The Southwestern Historical Quarterly, Volume 107, July 2003 - April, 2004 Page: 97
The following text was automatically extracted from the image on this page using optical character recognition software:
Notes and Documents
Rails to Chihuahua: A Letter from Edwin Lyon
Dean, September 22, 1882
EDITED BY EDWINA ANTONIA CLARK*
EDWIN LYON DEAN WAS BORN IN 1858 IN PRAIRIE HOME, IOWA, THE
oldest of six children of Dr. Thaddeus Joseph Dean and Almira
Anderson Dean. After the Civil War they left their home, then in St.
Louis, and followed the Oregon Trail. They settled in Oregon for about
fourteen years, where Dr. Dean established his medical practice. Edwin
had already begun his career with the railroads, and at the time his let-
ter from Mexico was written, his family was living in Joseph, Oregon.
After the Mexican Central Railway was completed, Edwin returned to
Oregon and married. He and his wife, Martha (referred to as Mattie in
the letter), lived in Hood River and Portland. He continued working
for the railroads, straying briefly to try his hand in the restaurant busi-
ness in Denver.1 They had a daughter, Lily Gladys, who died just before
her fifth birthday in 1888 and they divorced soon after the tragedy.
By 1897, Edwin Dean had made Seattle his home and taken a perma-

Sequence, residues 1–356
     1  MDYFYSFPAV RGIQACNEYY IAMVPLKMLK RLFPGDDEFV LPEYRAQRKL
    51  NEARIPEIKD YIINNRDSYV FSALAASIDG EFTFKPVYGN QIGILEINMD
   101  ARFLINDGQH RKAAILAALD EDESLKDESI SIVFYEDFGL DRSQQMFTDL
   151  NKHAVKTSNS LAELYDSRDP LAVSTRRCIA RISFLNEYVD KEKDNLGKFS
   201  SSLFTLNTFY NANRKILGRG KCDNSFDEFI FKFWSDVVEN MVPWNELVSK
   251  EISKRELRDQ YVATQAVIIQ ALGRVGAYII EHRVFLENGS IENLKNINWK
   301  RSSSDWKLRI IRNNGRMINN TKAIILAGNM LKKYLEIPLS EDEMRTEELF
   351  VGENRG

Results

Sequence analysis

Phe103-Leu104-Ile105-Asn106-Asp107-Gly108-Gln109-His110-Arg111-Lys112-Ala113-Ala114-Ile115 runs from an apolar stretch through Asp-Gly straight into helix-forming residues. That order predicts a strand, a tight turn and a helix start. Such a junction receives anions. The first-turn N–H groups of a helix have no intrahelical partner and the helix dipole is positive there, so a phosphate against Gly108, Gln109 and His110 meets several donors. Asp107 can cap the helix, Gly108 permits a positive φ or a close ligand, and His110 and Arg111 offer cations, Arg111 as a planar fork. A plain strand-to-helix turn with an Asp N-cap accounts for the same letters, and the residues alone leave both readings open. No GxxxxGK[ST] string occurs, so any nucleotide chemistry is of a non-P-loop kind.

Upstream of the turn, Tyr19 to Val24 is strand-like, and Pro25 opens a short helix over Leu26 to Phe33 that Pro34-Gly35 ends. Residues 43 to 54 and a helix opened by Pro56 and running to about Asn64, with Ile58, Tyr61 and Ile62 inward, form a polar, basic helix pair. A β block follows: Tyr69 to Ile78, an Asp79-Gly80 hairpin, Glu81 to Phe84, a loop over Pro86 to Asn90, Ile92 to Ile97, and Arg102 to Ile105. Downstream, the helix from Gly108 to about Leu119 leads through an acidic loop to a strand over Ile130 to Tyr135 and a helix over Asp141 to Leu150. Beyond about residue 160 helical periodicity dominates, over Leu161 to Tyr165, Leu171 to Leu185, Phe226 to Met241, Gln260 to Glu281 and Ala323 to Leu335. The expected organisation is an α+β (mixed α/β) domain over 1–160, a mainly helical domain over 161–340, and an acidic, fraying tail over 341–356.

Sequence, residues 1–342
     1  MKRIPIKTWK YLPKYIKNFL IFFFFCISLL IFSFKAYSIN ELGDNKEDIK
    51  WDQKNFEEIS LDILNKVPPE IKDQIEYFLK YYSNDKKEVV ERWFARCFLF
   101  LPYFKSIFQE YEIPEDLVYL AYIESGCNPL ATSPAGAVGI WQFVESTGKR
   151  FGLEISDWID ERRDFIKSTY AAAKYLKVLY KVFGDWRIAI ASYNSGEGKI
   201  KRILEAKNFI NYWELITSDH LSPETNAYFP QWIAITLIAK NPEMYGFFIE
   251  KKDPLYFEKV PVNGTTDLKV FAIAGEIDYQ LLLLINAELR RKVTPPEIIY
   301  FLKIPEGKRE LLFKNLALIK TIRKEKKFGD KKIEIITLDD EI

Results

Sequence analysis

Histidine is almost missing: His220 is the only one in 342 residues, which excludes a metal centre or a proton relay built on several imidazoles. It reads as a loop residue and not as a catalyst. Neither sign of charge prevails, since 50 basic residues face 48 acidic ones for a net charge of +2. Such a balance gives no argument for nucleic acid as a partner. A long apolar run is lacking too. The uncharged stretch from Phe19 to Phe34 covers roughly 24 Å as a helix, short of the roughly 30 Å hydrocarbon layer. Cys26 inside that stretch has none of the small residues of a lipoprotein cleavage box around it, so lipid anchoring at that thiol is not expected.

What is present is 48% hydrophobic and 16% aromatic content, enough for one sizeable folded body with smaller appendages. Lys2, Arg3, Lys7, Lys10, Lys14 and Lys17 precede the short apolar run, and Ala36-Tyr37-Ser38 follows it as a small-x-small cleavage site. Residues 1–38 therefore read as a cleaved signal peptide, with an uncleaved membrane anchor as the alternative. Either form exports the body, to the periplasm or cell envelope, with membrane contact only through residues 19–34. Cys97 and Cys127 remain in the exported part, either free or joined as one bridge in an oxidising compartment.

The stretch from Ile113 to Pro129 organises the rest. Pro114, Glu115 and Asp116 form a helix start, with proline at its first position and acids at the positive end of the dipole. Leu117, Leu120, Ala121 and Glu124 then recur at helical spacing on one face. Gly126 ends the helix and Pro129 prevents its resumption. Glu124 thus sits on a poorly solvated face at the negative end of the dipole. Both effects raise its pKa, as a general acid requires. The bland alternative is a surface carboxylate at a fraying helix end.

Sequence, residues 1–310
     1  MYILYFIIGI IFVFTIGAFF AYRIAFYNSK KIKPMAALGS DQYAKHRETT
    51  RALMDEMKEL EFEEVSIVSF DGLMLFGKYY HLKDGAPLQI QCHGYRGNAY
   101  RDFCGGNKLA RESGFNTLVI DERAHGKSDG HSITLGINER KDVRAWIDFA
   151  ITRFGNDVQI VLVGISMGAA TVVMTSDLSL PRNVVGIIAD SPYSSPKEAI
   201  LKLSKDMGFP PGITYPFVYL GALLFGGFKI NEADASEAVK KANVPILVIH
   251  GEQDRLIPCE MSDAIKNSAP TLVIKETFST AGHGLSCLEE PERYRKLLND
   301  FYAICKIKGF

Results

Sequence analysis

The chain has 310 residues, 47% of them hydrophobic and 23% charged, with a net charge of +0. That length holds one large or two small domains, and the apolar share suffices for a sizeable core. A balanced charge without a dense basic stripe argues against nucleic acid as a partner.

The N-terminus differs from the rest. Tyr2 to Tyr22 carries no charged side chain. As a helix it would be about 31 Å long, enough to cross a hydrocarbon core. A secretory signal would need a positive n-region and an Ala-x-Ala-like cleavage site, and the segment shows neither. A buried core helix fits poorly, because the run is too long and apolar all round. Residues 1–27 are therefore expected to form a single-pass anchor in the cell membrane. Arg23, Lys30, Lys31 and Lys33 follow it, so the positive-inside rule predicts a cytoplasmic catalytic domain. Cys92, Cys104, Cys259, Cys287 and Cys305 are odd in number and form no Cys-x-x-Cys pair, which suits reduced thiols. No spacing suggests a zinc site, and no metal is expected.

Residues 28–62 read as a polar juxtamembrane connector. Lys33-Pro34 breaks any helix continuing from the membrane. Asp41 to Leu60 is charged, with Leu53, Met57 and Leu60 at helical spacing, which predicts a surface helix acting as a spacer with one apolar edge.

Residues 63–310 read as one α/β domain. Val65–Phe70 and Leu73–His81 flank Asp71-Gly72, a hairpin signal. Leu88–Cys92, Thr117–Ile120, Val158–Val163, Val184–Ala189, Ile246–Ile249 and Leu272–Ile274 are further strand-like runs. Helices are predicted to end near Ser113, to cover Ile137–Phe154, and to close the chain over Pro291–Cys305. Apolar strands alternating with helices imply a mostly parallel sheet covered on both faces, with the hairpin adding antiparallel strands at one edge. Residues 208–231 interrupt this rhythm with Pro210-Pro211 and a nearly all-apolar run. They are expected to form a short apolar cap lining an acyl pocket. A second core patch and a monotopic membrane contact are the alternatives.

nent position with the Columbia and Puget Sound Railroad Company.2
His family joined him there. It was the final move for them all. On
Christmas Day, 1900, he married Blanche Adelaide Lester, one of the
* Edwina Clark, a Seattle native, lives m Houston with her husband, Bob As an elementary
school teacher, she taught in the Houston public schools for thirty years. After retiring, she
began researching her family's history and has joined several genealogy organizations based on
her research. She and her husband are collectors of Mexican folk art, silver, textiles, and ceram-
ics They admire and respect Mexican culture.
Employment record, 1883 to Dec. 2o, 1885, agent and dispatcher, various locations under
H. S. Rowe, supt., Portland, Oregon Railway & Navigation Co. (OR&N), left, to go m business
(original in possession of the author); employment record, 1886 to Jan. 15, 1889, business for
self in Denver (original m possession of the author).
2 Employment record, 1897, dispatcher, Seattle, under L. E. Smith and J. C. Ford, supt.,
Columbia & Puget Sound Railroad (original in possession of the author).
VOL. CVII, No. 1 SOUTHWESTERN HISTORICAL QUARTERLY JULY, 2003
Here’s what’s next.
This issue can be searched. Note: Results may vary based on the legibility of text within the document.
Tools / Downloads
Get a copy of this page or view the extracted text.
Citing and Sharing
Basic information for referencing this web page. We also provide extended guidance on usage rights, references, copying or embedding.
Reference the current page of this Periodical.
Texas State Historical Association. The Southwestern Historical Quarterly, Volume 107, July 2003 - April, 2004, periodical, 2004; Austin, Texas. (texashistory.unt.edu/ark:/67531/metapth101224/m1/115/: accessed January 21, 2018), University of North Texas Libraries, The Portal to Texas History, texashistory.unt.edu; crediting Texas State Historical Association.